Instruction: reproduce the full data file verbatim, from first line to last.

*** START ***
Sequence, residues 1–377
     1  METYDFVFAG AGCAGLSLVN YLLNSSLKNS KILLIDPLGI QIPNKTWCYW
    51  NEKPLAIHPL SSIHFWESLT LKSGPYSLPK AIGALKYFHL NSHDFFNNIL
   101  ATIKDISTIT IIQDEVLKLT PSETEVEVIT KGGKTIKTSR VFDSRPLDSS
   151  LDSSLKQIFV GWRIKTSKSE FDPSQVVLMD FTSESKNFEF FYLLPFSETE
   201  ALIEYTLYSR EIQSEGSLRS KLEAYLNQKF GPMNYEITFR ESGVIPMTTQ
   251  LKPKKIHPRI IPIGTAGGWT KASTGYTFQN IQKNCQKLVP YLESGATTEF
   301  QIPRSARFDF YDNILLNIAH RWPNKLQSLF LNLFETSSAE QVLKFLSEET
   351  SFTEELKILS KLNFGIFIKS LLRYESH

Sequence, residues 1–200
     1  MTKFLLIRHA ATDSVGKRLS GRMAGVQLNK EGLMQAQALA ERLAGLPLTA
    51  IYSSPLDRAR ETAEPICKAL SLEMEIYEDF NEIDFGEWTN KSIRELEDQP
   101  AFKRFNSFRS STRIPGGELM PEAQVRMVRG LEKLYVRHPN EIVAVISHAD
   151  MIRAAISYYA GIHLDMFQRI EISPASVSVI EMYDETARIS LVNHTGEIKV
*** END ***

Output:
Sequence, residues 1–377
     1  METYDFVFAG AGCAGLSLVN YLLNSSLKNS KILLIDPLGI QIPNKTWCYW
    51  NEKPLAIHPL SSIHFWESLT LKSGPYSLPK AIGALKYFHL NSHDFFNNIL
   101  ATIKDISTIT IIQDEVLKLT PSETEVEVIT KGGKTIKTSR VFDSRPLDSS
   151  LDSSLKQIFV GWRIKTSKSE FDPSQVVLMD FTSESKNFEF FYLLPFSETE
   201  ALIEYTLYSR EIQSEGSLRS KLEAYLNQKF GPMNYEITFR ESGVIPMTTQ
   251  LKPKKIHPRI IPIGTAGGWT KASTGYTFQN IQKNCQKLVP YLESGATTEF
   301  QIPRSARFDF YDNILLNIAH RWPNKLQSLF LNLFETSSAE QVLKFLSEET
   351  SFTEELKILS KLNFGIFIKS LLRYESH

Sequence, residues 1–200
     1  MTKFLLIRHA ATDSVGKRLS GRMAGVQLNK EGLMQAQALA ERLAGLPLTA
    51  IYSSPLDRAR ETAEPICKAL SLEMEIYEDF NEIDFGEWTN KSIRELEDQP
   101  AFKRFNSFRS STRIPGGELM PEAQVRMVRG LEKLYVRHPN EIVAVISHAD
   151  MIRAAISYYA GIHLDMFQRI EISPASVSVI EMYDETARIS LVNHTGEIKV